Govt promises to step up attempts to tackle mortgage crisis

Wednesday 06 March 2013 21.58
Eamon Gilmore and Enda Kenny said any new jobs will go to those on the Live Register
Eamon Gilmore and Enda Kenny said any new jobs will go to those on the Live Register

Taoiseach Enda Kenny and Tánaiste Eamon Gilmore have promised that the Government will accelerate attempts to tackle the mortgage crisis.

Marking the Coalition's second anniversary in office, they pledged to ensure that most families were offered sustainable solutions by next year.

They said they will make sure economic recovery does not bypass families affected by unemployment by making sure any new jobs go to those on the Live Register.

The leaders also maintained that the country will be exiting the International Monetary Fund-EU programme by continuing to reduce borrowing and debt.

During a news conference, Mr Kenny insisted that the Coalition is making serious progress in implementing the Programme for Government.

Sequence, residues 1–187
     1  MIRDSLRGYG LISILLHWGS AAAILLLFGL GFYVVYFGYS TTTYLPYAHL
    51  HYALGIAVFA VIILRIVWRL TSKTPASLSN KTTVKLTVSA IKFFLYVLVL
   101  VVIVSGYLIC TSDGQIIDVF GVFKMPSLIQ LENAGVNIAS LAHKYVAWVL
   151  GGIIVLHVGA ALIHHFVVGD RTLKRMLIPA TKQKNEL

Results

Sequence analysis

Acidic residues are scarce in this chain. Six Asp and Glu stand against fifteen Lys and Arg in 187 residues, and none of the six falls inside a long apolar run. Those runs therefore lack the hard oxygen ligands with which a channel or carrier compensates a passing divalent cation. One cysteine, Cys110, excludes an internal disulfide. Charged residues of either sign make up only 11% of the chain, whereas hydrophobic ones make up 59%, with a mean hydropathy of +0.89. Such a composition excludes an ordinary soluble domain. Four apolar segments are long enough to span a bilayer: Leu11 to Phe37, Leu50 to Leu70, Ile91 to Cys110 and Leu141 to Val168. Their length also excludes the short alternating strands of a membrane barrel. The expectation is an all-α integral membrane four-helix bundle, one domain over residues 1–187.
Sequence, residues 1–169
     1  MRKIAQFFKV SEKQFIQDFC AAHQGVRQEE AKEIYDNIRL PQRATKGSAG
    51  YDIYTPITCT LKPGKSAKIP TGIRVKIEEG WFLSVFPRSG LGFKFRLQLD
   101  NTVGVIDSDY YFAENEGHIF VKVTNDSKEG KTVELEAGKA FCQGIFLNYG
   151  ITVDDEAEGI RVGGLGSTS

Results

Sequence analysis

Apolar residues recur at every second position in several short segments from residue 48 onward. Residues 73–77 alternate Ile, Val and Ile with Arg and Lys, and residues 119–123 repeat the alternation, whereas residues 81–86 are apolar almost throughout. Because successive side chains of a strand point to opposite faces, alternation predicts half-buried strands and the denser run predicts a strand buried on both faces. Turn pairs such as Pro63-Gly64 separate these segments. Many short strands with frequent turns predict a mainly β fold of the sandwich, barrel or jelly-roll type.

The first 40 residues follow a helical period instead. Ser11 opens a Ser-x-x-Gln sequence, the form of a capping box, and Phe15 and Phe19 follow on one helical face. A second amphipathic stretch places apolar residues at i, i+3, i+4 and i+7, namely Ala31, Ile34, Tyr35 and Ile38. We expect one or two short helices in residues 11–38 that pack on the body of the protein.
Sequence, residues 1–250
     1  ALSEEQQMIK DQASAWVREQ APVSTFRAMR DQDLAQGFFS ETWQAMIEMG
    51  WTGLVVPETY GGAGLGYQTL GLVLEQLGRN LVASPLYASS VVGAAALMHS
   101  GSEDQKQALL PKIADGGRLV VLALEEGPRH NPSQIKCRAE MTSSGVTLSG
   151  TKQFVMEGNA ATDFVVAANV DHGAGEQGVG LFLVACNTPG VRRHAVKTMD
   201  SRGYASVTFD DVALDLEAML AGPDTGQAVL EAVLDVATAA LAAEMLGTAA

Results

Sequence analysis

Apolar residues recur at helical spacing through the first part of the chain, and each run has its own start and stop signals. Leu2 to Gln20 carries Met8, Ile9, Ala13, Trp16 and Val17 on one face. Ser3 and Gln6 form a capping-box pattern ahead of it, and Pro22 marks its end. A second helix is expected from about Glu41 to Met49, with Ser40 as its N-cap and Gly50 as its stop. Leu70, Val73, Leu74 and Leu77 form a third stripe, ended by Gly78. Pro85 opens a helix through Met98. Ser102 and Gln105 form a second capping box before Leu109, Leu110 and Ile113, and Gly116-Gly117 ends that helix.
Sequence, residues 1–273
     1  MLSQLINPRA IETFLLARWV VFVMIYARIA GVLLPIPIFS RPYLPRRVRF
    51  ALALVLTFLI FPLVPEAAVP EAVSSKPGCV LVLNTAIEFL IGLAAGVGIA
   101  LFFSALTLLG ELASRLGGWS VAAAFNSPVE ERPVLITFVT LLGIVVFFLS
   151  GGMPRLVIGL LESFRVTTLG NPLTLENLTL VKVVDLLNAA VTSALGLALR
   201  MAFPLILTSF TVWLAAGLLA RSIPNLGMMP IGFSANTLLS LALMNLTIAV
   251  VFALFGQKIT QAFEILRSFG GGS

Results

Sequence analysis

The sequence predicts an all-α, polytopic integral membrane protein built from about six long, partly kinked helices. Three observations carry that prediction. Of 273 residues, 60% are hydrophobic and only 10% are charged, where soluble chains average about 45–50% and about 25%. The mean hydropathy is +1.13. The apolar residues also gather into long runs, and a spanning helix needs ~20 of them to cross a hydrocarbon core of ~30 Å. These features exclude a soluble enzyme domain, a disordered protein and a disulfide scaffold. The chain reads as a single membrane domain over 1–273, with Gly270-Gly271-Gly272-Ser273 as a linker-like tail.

He said that two thirds of targets had been met and a sense of stability was returning.

The Taoiseach insisted that the jobs haemorrhage had been stopped and the private sector was once more creating employment.

Mr Gilmore said the Government was delivering on its promises.

He said the economy had returned to growth, credit had begun to flow again to small businesses and Troika targets had been met -making Ireland a success story in Europe.

The Tánaiste said more work needs to be done on youth unemployment.

However, he insisted that the Coalition parties were working well together and would run their full course.

He said when they had taken office there was only five months’ money left to pay for Government services.

No one was claiming outright victory, he said, but people could now be confident about the future.

Mr Kenny reiterated that the public sector would have to contribute €1bn of savings over the next three years.

He said people understood that these things have to be done in the public interest.

"It's not nice, believe you me, as a politician to have to do it, but it's necessary (and) in everybody's interests that we sort out this problem.

"Irish people want to see the problem sorted.

"Unfortunately the alternative is to cut frontline services even more, and that's not palatable and it's not on", he said.

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